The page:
But the Lynden defense had more than just gumption, they had some talent, too.

A longtime proponent of small, quick defensive linemen that could create problems with their ability to slant, Kramme was excited about the prospects of having a little bit bigger line with players such as the 6-3, 250-pound Steele, 6-5, 225-pound Davis Bode and 5-11, 235-pound Edward Andrews playing alongside 5-7, 145-pound Jordan Brockmeyer.

“We can still make all the slants and fly around and make the plays,” Steele said. “We just focus on doing our job and making our plays so the linebackers can make the tackles.”

As long as they don’t put points on the board, we’re doing our job.

Lynden senior defensive lineman Tanner Steele

Jake Kettles and Trey Labounty were expected to wreck havoc from defensive end, while physical Cody Weinheimer and Bates were counted on to pile up tackles in the middle at linebacker.

“Communication is a big part of it for us,” said Bates, who leads the team with 107 tackles this year. “Cody and I have been playing together for a long time. We’ve known each other since we came up playing LYS (Lynden Youth Sports).”

The Lynden secondary also has developed throughout the year with safeties such as Connor Shine and Aaron Weidenaar and corners Landon DeBruin and Cory Warner among others.

“We all put a lot of time in during the offseason,” Shine said. “We’ve all been working really hard. We get along well and communicate and play together really well.”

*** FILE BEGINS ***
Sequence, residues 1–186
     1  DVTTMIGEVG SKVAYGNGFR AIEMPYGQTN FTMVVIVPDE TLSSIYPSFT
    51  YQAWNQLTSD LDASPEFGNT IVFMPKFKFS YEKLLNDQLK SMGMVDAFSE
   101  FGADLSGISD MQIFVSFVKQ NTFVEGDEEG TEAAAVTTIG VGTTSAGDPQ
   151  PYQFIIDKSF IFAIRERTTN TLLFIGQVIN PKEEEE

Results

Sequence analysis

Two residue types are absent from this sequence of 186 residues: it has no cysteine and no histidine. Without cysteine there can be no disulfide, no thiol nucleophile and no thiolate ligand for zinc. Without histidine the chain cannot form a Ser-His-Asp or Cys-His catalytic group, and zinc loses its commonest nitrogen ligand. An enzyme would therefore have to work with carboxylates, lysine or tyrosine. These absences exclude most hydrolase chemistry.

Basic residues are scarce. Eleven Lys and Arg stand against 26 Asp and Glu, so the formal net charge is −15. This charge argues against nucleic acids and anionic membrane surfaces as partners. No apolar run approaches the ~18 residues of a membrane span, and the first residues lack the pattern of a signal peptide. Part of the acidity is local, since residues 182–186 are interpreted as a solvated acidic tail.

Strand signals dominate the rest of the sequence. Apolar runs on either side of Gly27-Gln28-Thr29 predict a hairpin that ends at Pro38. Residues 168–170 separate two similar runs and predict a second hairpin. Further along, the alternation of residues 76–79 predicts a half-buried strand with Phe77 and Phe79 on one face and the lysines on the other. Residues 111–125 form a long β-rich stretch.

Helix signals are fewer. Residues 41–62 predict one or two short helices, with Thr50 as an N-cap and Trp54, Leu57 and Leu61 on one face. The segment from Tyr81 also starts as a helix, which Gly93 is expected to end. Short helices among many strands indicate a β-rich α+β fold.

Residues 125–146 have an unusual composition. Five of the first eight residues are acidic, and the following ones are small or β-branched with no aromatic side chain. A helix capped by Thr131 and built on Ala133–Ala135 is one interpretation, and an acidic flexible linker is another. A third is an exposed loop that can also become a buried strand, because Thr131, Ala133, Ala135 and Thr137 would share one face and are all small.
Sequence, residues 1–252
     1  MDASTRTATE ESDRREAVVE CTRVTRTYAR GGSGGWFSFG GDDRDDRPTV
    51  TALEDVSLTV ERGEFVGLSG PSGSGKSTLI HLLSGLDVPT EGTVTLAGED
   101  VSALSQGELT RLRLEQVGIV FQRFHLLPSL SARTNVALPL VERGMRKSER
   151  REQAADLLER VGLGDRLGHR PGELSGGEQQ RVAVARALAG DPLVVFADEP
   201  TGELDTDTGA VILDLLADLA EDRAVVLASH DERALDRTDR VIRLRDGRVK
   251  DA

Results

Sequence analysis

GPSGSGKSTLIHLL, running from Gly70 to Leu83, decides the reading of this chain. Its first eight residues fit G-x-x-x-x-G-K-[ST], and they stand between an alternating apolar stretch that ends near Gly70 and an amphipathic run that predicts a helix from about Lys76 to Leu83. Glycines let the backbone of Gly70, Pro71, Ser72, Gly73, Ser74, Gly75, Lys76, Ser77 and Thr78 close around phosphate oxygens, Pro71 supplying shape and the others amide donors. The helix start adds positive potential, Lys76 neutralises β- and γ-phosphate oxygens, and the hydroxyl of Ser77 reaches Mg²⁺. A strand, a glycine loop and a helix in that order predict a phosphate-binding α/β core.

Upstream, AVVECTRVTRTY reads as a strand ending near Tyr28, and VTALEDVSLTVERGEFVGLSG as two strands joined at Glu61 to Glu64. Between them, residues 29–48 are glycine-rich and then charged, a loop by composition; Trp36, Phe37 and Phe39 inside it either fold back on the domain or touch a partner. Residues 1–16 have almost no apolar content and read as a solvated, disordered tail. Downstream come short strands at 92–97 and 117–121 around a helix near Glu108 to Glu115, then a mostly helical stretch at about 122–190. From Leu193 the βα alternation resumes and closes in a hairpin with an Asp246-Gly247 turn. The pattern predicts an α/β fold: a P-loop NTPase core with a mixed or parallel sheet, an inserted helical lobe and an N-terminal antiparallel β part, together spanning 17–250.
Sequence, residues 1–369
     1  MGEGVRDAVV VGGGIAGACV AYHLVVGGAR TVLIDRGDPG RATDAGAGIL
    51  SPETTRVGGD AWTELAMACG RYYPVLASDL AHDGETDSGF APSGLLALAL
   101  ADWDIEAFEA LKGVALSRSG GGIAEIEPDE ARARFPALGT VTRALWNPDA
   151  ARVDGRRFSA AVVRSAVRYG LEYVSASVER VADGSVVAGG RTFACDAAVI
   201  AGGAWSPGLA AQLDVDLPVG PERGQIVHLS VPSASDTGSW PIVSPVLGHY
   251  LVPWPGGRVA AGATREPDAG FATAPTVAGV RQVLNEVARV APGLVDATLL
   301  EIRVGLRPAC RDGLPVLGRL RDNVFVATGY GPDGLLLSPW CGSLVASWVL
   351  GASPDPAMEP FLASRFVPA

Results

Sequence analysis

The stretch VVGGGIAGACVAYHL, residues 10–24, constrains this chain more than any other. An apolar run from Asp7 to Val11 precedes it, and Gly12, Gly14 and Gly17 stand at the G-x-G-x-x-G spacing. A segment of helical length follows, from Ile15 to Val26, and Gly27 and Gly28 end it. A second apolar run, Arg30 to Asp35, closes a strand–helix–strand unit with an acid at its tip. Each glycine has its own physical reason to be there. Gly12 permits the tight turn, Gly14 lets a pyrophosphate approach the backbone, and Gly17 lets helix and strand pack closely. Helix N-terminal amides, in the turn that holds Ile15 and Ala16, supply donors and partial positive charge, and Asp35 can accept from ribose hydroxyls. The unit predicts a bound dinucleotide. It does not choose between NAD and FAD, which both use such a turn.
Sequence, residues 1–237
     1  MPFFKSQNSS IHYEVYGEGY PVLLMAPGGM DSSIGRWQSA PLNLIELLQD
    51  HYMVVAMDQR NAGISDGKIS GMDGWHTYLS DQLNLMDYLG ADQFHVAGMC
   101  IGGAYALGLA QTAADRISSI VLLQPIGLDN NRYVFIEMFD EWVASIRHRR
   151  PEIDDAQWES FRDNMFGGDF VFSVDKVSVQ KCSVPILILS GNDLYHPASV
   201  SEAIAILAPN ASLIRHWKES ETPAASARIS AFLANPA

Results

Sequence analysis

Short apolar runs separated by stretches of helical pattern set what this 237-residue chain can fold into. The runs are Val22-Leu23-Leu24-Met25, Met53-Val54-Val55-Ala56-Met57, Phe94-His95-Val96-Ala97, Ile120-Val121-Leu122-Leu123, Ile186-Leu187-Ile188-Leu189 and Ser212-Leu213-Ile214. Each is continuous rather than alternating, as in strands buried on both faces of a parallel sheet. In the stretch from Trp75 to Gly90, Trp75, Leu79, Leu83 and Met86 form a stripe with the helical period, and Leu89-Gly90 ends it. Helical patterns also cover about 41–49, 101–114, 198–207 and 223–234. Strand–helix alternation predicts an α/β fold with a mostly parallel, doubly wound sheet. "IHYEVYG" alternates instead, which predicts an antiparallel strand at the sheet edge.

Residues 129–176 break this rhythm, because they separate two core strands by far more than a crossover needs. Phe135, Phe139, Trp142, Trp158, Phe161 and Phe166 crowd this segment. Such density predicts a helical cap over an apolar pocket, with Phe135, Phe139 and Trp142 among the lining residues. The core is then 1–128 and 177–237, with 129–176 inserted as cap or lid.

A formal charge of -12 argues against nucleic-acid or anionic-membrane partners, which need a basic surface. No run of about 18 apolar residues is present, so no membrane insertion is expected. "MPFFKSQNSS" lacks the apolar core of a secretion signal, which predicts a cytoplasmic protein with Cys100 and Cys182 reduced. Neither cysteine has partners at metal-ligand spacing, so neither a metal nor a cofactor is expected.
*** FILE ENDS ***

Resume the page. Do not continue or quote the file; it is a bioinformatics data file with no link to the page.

Bending it like Seattle

Together they’ve proven be the perfect fit for the bend-but-don’t-break scheme Kramme, defensive coordinator Blake VanDalen and Lynden coaching staff constructed.

“A great example of what we’re trying to do was Seattle’s game against the Patriots (Sept. 13),” Bates said. “New England got to the 3 yard line, but they didn’t score. It’s what our defense is built around. We put our goal-line D in around the 5 and do everything we can to keep them out. Bend but don’t break – that’s one of our key phrases.”

But what about those long drives, like West Valley ran against the Lions last week?

“Our focus is on not allowing any big plays,” Shine said. “We don’t want to let anyone get behind us and score. Don’t let anyone have that big play. We plan on them eventually making a mistake, and then we need to capitalize. ... Our goal is to get three turnovers a game.”

While they haven’t quite reached that level, the Lions have forced 27 turnovers this season and enter Saturday with a plus-12 turnover ratio.

“Every day, the defense just talks about doing our job and making plays,” Steele said. “If individuals do their job and do it well, then we can all rally together and make the play.”

We feel we’re one tough defense to score on. We’re excited for this game. We know we’re obviously the underdog.

Lynden junior linebacker Gage Bates

Lynden’s defense has shown good ability to do that against both the run and the pass.

It will enter Saturday having allowed 1,453 yards on the ground and 1,453 yards through the air, or 242.1 yards per game. Of the 25 offensive touchdowns they’ve surrendered this year, 12 have come via the run and 13 on passing plays.

But now is the time to see exactly how good that Lynden defense is.

Is it capable of stopping an offense that has put more than 50 points per game on the board this year? Can it hold up against one of the biggest offensive lines in the state? Can it contain all the big-play threats the Wildcats can roll out?

One thing’s for certain, the Lions don’t seem to be entering the game afraid.

“It’s going to be a lot of fun,” Steele said. “I’m excited to play against some of those big boys. You don’t get to go against guys that big all that often. It’s going to be a battle in there, and it’s going to be a proving ground.”